The Time And Tech Are Right For Online Backups
October 31, 2016 Dan Burger
Logically, tape backups shouldn’t be as popular as they are. The process is cumbersome and hardly aligned with the accelerating pace of IT capabilities and business decision making. When you factor in the recovery time for most companies that rely on tape, the logic becomes twisted. Even with automation, shorter backup windows, multi-platform complexity, and regulatory compliance combine to push the question of whether tape is reasonable, in spite of its widespread popularity.
The online, service-based, backup alternative has been in place for almost 30 years with many improvements during that time. Internet connectivity, CPU capacity, data compression, encryption, and competition in the growing field of managed services have had positive impacts and helped convince IBM i shops to invest in this form of backup.
One of the benefits of the newest Power Systems iron is the hefty performance, expressed in CPW units, per core. Sometimes we hear the question: What do we do with all that CPW? The best answer is that shops can stay at the P05 level rather than move to P10 machines, with the added cost for hardware, applications, and backup. And the second-best answer is that some shops can move from P10 to P05 boxes and save money. A single Power Systems S814 (model 8286-41A) delivers 64 GB of memory and 40,000 CPWs. Concerns about not having the muscle to drive online backup have pretty much disappeared for a great many shops that are making the Power8 upgrade.
At UCG Technologies, a company specializing in the online backup business for Power Systems running IBM i, a P05 4-core machine with 40,000 CPW is handling backup workloads filling 10 LPARs running 4,000 CPW (or five LPARs with 8,000 CPW depending on the memory limitation) while connected to a V3700 SAN with Fiber Channel links and enjoying virtually unlimited disk capacity.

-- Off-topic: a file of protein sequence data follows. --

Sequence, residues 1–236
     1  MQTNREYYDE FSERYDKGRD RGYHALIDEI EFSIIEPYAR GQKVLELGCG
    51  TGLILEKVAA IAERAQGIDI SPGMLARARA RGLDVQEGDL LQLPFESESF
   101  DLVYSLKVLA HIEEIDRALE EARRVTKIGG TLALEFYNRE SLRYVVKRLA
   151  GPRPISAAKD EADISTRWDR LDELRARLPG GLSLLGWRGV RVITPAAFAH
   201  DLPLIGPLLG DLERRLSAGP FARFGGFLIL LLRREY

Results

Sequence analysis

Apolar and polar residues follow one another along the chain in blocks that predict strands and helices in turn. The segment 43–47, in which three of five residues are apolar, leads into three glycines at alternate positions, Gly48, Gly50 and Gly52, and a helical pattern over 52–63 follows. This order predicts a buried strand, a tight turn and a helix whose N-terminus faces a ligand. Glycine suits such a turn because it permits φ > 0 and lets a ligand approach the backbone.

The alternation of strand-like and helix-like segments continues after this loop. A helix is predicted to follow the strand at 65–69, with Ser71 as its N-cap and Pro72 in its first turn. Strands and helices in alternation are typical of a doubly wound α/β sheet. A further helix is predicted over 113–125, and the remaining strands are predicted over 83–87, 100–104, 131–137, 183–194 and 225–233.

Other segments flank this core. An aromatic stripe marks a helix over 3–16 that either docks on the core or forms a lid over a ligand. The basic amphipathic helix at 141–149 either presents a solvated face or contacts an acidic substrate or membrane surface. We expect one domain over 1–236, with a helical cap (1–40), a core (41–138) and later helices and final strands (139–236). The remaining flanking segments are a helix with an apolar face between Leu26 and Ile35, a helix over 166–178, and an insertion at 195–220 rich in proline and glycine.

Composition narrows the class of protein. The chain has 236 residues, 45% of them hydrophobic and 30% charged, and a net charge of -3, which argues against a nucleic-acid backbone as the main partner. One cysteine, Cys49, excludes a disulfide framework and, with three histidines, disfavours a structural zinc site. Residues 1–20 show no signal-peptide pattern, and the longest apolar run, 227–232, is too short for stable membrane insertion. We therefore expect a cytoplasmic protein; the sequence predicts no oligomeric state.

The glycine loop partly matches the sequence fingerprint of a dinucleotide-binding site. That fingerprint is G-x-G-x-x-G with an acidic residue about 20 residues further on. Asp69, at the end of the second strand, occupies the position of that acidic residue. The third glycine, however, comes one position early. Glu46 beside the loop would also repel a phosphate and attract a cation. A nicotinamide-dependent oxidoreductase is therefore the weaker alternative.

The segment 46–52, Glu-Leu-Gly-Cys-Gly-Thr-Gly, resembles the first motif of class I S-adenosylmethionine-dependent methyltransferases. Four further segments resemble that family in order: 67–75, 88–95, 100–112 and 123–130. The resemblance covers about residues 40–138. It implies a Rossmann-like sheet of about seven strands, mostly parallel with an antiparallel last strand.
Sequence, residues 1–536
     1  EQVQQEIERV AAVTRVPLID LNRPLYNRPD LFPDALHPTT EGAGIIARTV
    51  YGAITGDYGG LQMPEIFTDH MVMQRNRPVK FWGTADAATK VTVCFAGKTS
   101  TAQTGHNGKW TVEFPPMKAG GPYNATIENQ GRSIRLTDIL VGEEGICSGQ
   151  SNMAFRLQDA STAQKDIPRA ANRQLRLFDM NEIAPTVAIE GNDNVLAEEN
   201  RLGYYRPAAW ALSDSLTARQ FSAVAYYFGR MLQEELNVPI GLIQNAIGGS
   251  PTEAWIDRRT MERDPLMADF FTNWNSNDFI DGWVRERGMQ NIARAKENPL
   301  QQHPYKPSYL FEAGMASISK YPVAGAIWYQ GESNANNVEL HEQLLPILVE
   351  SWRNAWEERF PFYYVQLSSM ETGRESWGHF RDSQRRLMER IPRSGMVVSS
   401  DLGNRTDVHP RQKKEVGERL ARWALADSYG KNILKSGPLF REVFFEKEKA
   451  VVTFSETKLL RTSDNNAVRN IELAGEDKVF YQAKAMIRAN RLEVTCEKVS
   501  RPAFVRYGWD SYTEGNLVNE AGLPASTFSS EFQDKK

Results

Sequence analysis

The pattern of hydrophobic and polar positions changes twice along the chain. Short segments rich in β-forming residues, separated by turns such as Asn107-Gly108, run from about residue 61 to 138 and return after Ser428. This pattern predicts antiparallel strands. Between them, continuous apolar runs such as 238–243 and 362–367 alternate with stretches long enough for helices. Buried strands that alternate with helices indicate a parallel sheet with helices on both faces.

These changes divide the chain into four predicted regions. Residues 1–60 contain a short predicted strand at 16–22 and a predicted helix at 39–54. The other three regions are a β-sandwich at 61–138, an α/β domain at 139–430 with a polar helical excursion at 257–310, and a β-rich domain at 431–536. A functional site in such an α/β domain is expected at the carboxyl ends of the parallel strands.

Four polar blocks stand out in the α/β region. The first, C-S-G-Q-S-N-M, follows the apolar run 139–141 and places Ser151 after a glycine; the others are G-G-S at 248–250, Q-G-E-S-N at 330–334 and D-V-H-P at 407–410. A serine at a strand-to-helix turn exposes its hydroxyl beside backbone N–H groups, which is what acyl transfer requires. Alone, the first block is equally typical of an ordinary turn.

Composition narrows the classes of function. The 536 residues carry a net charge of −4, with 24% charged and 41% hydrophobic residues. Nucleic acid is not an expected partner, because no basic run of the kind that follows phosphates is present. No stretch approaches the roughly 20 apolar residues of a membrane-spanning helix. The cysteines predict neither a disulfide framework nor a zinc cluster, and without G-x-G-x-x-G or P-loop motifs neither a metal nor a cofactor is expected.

To handle disaster recovery (DR) workloads, UCG needs P10 machines in its data centers because the memory limitations on the P05 boxes (64 GB) can’t handle the requirements. UCG clients generally need a DR machine with a minimum of 16 GB or 32 GB of memory per LPAR, says UCG Technologies president Jim Kandrac. A single Power S814 machine with 64 GB of memory and 40,000 CPW gives them what they need. For the DR workloads that UCG handles, 512 GB of memory is the minimum requirement. That kind of memory is only available in the P10 boxes.
There is a downside to higher performance.
“The advancement of technology–faster systems, doing more in less time–has resulted in employees having more data at their fingertips and everyone is looking to be more productive,” Kandrac says. “I believe this has caused both management and employees to take their eyes off cyber security.”
Kandrac is locked in on security issues. It begins with disaster recovery, but also covers the topics of education and training to reduce cyber attacks, vulnerability to phishing scams, and data encryption.
“It should be a wake-up call when your company has over 48 percent of employees clicking on examples of email phishing scams in a test. Any single one of those clicks can bring a company to its knees,” he says.
Kandrac emphasizes testing employees to raise awareness and reduce this type of vulnerability.
“This is all part of the disaster recovery and high availability landscape,” he says. “There are a lot of variables in backup and recovery and a company is only as good as its weakest link. Many are still running by the seat of their pants and keeping their fingers crossed.”
UCG includes security training in its online backup offering to raise awareness and better explain the security safeguards UCG has in place.
One of those safeguards is data encryption. UCG provides 256-bit Advanced Encryption Standard (AES) technology to secure sensitive data–Social Security numbers, credit card numbers, and other personal information–at rest, in transit, and at colocation data centers.
Online backup discussions begin with business continuity issues and pain points, but costs are never dismissed. UCG and other online backup providers like to point out the charges for DR and HA are generally one-third to one-half the cost of purchasing, implementing, and maintaining an on-premise system.
With IBM getting into the cloud storage business that includes IBM i customers, Kandrac says it “legitimizes” what UCG has been doing the past 10 years. He also noted that IBM is in the early stages of its IBM i cloud storage business and is expecting “bumps in the road” until it gets things sorted out.
“We have clients in 31 states, are very efficient, and execute very well,” he says. “If you are a client, do you want bumps in the road? I think they want a solution that rocks the world.”